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August 1, 1881

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The founder and the man who guided the destiny of the Morgan car for almost fifty years, Henry Fredrick Stanley Morgan was born in the village of Moreton Jeffries, Herefordshire,  in August 1881.

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January 1, 1901

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In 1901 H.F.S. was apprenticed to two of the greatest railway engineers of the period, William Dean and George Jackson Churchward, Chief Engineers of the G.W.R. Railway Works at Swindon.

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May 1, 1905

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In May 1905, with the encouragement and financial support from his ever-enthusiastic father George, H.F.S. purchased a house called Chestnut Villa in Worcester Road , Malvern Link, a short distance from the railway station and built a small garage alongside. Here he set up business to attended to the needs of the Edwardian motorists and became a dealer for Darracq, Wolseley, Siddeley and Rover cars. Harry’s close friend Leslie Bacon (another motor car enthusiast who had served an apprenticeship with the railways) became his business partner and took up lodgings with Harry in Chestnut Villa. A skilled motor engineer from…

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May 1, 1909

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The success of the Morgan Motor Company was founded on an icon, the Morgan Three-Wheeler. This brilliant but simple design by H.F.S. Morgan became one of the most successful lightweight cars of the early days of motoring.

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November 1, 1910

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The first production Morgans were simple single-seat machines steered with a tiller and powered by either a single cylinder 4 h.p. engine or an 8h.p. V-twin engine made by the London firm J.A. Prestwich. A patent was granted, the patent drawings being produced by a bright youth who was later to become famous as Sir John Black of the Standard Motor Company. The Runabouts (as the machines were to be called) were unveiled to the public at the Olympia motorcycle show in London in November 1910. Despite the interest shown just a few of these were built and sold, mainly…

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February 1, 1911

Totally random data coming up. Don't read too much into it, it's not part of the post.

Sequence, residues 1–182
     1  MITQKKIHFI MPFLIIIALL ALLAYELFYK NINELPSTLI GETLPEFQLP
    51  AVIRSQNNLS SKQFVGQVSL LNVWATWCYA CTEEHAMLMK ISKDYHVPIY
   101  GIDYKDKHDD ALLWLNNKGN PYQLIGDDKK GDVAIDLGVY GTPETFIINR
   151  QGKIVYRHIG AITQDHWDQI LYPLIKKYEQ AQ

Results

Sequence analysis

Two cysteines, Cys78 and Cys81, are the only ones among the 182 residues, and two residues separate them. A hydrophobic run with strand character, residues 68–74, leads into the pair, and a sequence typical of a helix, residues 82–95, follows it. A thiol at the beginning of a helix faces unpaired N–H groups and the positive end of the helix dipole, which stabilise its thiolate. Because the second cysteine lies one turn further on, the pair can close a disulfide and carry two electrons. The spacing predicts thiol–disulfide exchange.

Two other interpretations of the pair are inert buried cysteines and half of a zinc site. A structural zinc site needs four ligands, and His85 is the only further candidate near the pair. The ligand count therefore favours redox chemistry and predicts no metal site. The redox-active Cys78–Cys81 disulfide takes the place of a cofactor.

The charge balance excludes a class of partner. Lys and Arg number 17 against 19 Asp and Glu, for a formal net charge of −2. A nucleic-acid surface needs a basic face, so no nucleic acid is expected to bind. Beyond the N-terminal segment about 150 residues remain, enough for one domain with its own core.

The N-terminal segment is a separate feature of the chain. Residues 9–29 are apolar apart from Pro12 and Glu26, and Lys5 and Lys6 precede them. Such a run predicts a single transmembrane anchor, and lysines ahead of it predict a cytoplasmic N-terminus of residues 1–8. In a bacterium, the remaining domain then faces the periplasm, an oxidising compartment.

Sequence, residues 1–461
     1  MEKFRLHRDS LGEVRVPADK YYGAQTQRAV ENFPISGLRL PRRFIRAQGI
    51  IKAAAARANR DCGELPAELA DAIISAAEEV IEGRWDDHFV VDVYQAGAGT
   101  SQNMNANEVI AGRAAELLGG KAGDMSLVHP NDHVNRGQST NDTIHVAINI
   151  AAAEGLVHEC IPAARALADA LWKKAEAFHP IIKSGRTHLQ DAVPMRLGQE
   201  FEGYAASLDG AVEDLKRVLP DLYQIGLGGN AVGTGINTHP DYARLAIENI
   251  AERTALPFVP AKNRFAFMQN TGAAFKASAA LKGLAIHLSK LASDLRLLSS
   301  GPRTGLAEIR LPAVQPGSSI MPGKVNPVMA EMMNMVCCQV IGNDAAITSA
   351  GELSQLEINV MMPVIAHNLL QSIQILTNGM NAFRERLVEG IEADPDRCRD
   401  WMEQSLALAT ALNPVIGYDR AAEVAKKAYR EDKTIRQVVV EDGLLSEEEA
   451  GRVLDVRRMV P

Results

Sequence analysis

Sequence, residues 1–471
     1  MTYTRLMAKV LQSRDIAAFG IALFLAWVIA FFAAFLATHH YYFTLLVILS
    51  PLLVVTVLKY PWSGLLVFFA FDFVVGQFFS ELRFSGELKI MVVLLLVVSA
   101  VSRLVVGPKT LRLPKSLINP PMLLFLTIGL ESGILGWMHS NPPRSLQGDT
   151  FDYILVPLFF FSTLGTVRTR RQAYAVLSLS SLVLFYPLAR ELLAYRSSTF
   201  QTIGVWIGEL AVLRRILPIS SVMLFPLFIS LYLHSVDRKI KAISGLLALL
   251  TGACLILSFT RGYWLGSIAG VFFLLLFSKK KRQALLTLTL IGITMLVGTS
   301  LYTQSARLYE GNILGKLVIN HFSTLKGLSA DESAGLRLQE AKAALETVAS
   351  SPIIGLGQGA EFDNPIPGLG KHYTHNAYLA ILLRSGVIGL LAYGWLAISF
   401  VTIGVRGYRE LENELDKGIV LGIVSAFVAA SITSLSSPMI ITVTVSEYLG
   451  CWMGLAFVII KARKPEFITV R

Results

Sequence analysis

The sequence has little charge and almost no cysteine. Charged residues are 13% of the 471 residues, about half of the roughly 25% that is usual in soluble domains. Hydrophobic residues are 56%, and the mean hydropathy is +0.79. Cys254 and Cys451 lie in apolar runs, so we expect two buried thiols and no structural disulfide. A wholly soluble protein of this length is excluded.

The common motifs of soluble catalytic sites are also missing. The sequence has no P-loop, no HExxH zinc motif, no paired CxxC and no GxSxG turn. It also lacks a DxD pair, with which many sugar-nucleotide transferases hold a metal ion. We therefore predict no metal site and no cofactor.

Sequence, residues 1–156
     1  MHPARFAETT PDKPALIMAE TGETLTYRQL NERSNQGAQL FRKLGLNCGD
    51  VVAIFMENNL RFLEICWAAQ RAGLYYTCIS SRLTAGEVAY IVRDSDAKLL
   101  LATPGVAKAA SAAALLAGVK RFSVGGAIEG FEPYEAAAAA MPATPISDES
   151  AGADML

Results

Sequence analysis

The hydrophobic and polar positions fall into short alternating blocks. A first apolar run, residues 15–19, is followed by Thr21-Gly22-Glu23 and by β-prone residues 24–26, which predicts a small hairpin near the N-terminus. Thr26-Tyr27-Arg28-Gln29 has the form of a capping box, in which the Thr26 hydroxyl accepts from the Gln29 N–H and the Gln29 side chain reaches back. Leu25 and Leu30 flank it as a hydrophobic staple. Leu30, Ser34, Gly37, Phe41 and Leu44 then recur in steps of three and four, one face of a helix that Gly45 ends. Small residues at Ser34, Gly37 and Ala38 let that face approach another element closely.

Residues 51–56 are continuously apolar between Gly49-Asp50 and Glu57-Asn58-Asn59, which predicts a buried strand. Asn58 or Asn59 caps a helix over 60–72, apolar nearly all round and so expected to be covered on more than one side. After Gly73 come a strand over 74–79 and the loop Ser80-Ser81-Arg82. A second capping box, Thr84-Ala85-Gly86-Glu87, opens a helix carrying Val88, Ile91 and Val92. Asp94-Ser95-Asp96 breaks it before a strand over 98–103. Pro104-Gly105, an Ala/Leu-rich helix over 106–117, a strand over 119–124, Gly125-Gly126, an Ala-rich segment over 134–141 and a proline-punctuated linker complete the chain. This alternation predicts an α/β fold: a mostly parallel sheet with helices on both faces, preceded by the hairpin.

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The following year a two-seat ‘Runabout’ was developed, equipped with wheel steering and even a hood. This proved a huge commercial success when it appeared at Olympia in 1911.

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November 1, 1911

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New models were added to the Morgan range, and for the first time a four-seater “Family” Runabout was available

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May 4, 1912

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The factory experimented with other designs such as a four-seater for Mr Morgan and his family, although this car didn’t go into production at that time. Cars were built in ever-increasing numbers in Worcester Road, Malvern Link. Not only was the Morgan one of the first Cyclecars, it was without doubt, the best engineered, the most reliable, and the most successful vehicle in its class which set the standards for all other manufacturers to follow. It featured a simple two speed transmission (fast and very fast), but no reverse gear (to go backwards required gravity, or the driver had to…

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August 1, 1913

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In the few years leading up to the outbreak of war in 1914, Morgans had secured 10 British and World Records for various classes of cyclecars, won 24 Gold Medals in major reliability trials and had achieved numerous victories on the race track.

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October 20, 1913